ABIDJAN (Reuters) - Ivory Coast announced a new government on Thursday in which newly appointed Prime Minister Daniel Kablan Duncan will also take the finance and economy portfolio.
Ivory Coast, which is recovering from a 2011 civil war, holds a defaulted $2.3 billion bond and recently came to an agreement with investors on rescheduling missed coupon payments over the next two years.
President Alassane Ouattara named Duncan, a member of his allied PDCI party and foreign minister in the previous cabinet, as prime minister on Wednesday, after dissolving his government last week over a lack of coalition solidarity.
Charles Koffi Diby, the former finance minister who has been the lead figure in Ivory Coast's efforts to renegotiate its bond, will take over the foreign ministry, a statement from the president's office said.
Niale Kaba, an economist who served as minister of housing promotion in the previous cabinet, will serve as minister delegated to the prime minister responsible for the economy and finance.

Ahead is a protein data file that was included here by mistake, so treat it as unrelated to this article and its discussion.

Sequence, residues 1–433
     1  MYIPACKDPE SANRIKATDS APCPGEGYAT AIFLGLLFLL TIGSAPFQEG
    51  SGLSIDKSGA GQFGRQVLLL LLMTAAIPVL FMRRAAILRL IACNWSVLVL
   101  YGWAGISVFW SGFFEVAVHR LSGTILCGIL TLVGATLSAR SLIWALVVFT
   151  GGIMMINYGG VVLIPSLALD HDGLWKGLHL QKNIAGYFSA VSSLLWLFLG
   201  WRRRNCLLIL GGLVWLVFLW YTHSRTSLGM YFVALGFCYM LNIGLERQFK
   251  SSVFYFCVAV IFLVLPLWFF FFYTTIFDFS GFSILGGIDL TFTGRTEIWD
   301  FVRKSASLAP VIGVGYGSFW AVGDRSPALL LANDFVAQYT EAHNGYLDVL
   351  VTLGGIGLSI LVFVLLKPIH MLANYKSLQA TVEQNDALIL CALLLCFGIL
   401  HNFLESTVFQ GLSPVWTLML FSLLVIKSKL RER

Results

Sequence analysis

Many people in Ivory Coast had predicted sweeping changes to the cabinet after the surprise dismissal of the ministers last week. Though the number of cabinet positions was slashed to 28 from 39 in the reshuffle, other changes were minor.
There were no changes at the defense or agriculture ministries in the West African state, which is the world's largest cocoa grower and also a significant coffee producer.
Duncan's nomination ensures Ouattara is sticking to a deal that saw the PDCI throw its weight behind him during a 2010 election run-off in return for the prime minister's job.
Duncan, an economist, has served as prime minister once before under former president Henri Konan Bedie and was economy and finance minister under Ouattara's premiership in the early 1990s.
"Overall I think there's no earthquake. What's interesting is that Daniel Kablan Duncan is the new prime minister and will also assume the economy and finance portfolios," Samir Gadio, emerging markets analyst with Standard Bank, said.
"One could even argue that the reform-minded duo who attempted to stabilize the faltering Ivorian economy in the early 1990s has been reassembled," he said.
(Reporting by Loucoumane Coulibaly; Writing by Joe Bavier; Editing by Michael Roddy)
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